Friday, December 16, 2011

Work Smart. Seldomly Work Hard.

I know many, many people out here in Silicon Valley who, despite being extremely bright in some areas, are ignorant when it comes to being productive. Young, single males with ambition are incredibly likely to pull long hours that hurt them in the long run. 

The basic rule of thumb is that If you are pulling >40 hour weeks for more than a couple of months you're being less productive. "Not me", you say, " I was the smartest kid in my class and I have incredible mental endurance!"

Nope, everybody makes bad decisions after working long hours for a few months. For all the coders out there, think about it like this: How many genious decisions have you made at 3am after working for 15 hours? Now think about how many egregious hacks you wrote at 3am to get something out the door. Compare the two.

Software Analogies

Nearly all software is buggy, but anyone who's ever written a modicum of software is not in the least bit surprised by this. The layman does not share this understanding, to put it mildly. Since the process of programming, debugging, and shipping is not a readily understandable topic if you've never thought about logical implications to the 4th or 5th degree, one needs a good analogy. Here's mine:

Imagine most everyone has a robot in their home that takes blueprints for any object (a toy, a piano, a house, etc.), can build said object really quickly, but can't make any intuitive decisions. That is, the robot follows the designs on the blueprint exactly, for better or worse.

Most of the time objects come out of the robot just fine, but what if whoever wrote the blueprints didn't think about how his toy design would work when covered in baby slobber? What if the house the robot built was designed for 3 people but 7 people are trying to live in it? What if the blueprints for the desk the robot built didn't account for handicapped people?

Writing software is tantamount to making blueprints for builder robots that people end up making in their own home. When you're writing the blueprints you don't really know how people are going to use your stuff. You might not properly get the Feng Shui right in your house blueprints and people across the country using your blueprints get depressed. You never intend all of this stuff.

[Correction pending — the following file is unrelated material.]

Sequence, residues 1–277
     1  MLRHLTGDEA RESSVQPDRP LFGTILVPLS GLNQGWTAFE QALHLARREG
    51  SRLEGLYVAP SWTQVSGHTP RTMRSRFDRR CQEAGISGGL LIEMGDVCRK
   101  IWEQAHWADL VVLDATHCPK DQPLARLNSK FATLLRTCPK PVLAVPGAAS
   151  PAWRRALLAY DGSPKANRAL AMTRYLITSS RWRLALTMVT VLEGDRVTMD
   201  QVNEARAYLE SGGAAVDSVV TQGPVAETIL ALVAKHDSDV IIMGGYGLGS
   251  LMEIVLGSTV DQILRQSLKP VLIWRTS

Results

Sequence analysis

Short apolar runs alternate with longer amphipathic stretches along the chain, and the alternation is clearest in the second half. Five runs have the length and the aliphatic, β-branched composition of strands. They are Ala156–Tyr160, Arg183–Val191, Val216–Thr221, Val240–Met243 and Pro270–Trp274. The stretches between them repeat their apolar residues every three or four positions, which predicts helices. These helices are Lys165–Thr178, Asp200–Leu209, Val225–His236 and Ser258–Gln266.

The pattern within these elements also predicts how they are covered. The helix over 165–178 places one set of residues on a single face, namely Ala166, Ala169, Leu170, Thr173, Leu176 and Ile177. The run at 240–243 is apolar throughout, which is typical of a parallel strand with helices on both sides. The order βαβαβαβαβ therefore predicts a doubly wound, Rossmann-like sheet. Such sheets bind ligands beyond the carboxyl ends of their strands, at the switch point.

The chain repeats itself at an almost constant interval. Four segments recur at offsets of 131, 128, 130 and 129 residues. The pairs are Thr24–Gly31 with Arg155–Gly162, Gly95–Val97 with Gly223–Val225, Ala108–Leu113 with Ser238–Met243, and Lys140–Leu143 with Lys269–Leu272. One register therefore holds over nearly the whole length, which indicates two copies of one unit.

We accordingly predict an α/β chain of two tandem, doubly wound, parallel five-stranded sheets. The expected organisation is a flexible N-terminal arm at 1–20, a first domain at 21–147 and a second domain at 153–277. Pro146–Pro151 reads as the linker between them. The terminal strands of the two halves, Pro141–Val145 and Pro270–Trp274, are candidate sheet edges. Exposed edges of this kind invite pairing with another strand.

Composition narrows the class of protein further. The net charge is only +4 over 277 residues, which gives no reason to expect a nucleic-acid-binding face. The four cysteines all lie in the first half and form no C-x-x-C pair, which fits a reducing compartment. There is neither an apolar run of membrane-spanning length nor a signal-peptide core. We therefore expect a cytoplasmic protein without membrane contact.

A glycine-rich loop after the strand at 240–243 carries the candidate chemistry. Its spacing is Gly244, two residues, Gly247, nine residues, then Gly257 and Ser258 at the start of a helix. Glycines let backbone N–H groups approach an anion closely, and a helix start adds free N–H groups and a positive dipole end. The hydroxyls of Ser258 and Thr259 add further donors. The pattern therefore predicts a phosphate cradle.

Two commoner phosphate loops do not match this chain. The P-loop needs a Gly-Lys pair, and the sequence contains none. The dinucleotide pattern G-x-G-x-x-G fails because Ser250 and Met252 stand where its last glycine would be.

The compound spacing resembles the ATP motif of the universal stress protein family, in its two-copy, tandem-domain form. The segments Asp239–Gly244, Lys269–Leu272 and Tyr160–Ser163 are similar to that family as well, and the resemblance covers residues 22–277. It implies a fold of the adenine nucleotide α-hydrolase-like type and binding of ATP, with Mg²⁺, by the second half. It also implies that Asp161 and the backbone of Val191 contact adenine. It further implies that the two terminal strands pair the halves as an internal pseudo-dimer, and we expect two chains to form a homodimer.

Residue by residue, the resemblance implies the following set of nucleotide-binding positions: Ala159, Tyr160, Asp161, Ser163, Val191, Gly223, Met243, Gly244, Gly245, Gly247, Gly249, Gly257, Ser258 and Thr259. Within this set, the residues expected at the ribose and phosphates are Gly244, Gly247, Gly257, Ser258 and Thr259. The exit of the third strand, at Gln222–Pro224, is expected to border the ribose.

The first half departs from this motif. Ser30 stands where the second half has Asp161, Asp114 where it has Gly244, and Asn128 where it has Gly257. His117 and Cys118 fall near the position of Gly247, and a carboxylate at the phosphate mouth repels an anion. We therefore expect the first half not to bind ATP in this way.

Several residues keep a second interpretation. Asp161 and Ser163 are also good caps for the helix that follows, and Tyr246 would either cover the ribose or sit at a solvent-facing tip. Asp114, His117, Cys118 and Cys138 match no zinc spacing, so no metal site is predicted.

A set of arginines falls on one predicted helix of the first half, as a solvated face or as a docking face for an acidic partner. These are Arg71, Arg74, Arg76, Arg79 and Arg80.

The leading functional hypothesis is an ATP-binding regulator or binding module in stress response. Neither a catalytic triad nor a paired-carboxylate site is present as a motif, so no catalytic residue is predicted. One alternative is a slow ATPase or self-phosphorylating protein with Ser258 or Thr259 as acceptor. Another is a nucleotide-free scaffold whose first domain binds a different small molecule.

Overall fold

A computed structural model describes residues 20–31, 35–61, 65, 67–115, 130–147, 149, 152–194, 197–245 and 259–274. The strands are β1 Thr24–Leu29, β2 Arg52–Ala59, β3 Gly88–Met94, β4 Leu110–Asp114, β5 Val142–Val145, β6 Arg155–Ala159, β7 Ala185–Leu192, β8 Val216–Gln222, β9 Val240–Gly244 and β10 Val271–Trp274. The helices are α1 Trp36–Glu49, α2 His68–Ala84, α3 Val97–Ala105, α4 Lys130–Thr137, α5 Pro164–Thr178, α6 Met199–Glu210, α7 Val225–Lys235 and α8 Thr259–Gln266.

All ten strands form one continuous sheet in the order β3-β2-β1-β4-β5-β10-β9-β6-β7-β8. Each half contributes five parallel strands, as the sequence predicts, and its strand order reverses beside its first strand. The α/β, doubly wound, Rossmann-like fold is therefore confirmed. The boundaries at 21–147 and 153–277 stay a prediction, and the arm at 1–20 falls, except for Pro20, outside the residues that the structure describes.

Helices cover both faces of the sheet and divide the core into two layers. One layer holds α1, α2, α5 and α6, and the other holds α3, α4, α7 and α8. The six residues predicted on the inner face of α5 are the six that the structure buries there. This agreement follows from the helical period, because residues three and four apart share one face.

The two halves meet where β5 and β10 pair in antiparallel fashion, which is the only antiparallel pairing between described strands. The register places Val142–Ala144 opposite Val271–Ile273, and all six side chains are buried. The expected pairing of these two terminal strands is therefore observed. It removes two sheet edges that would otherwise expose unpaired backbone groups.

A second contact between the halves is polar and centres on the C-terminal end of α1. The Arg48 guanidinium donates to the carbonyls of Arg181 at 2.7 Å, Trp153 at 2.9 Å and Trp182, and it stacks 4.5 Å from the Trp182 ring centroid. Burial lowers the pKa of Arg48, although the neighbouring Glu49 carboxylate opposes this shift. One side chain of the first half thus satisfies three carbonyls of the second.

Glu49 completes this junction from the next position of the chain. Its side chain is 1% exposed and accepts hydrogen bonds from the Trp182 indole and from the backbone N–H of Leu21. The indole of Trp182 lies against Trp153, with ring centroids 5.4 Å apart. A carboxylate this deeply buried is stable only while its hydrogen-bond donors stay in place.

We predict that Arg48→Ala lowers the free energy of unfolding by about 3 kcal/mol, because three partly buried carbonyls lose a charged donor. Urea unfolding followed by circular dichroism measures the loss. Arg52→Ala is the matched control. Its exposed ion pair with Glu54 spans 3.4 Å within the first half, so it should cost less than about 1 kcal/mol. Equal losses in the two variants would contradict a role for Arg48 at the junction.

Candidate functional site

The blueprints are the code. The builder robot is your personal computer. The door that doesn't quite close is a bug.

Keep it Simple.

A useful truth about programming is that it always takes more effort to debug a piece of code than it does to write it. If, at first pass, you make a piece of code as clever as possible then you're not smart enough to fix it.

Most people hear that insight and think "I'm fine, I can still debug my code", but that's only the first piece of the puzzle. Unless you are actively trying to make work for yourself and others, write all code as simply as possible. If you ever do something clever, ask yourself if it is truly necessary. Odds are it isn't and you're just making more work to be finished later.

What to Look for in Startups

How Much Can I Learn?
Learning is, on some levels, the only goal. All else grows from getting better at life, the universe, and everything.

Don't be evil

Is the company's effect positive (e.g. kiva or goodguide). Don't be Farmville, where a majority of revenue comes from psychologically addicted users paying for in-game currency. 

Have Impact On the World
What's the end goal? Change the world or put change in your pocket?

Employees Can Drive, are Given Freedom
Early-stage companies still have most of the risk ahead of them. Early employees are quasi-founders and should be given a seat at the table. Empowered employees are happier and perform better. If the founders have 100x the equity of your first few employees, like most companies, then you're doing it wrong.

Internal Impact, Not Face-Time
Caring about hours-in-office instead of results is a sign of management ill-suited for engineering. Engineers make non-linear contributions.

Expertise Guides, Data Drives
While you need domain expertise to give your company direction, the day-to-day operations should be driven as much by data and science as possible. Startups are attempting entirely new things; Even experts have the wrong ideas all the time. Do you have an analytics dashboard where you can track the health of everything you care about at all times? Do you A/B test as much as you can?

Internal transparency about company information. Transparency to your users for trust and long-term growth.  "Beware of he who would deny you access to information, for in his heart he dreams himself your master".

The Beer Test
Getting along well with your peers makes you happier, but it also helps honest dialogue over difficult subjects. And you can work with each other 2 weeks into crunch time at midnight.

Smart Workplace
Don't be penny-wise but pound-foolish with your tools and environment. If a keyboard, monitor(s), chair, and programming environment is how you get your work done, they need to enable.

Engineering Results, not Engineering Fashion.
It's good to be aware of them, but don't waste time constantly installing/rei-installing/configuring/researching the most-recent, fashionable framework unless it seriously helps you. Consider the Lindy Effect: The longer a technology has been around, the longer it will stay around; It has been battle-tested.

You can't have everything you want, though. An amazing work environment, great compensation, and great coworkers can overshadow a mission that's not exactly to your liking, and vice-versa.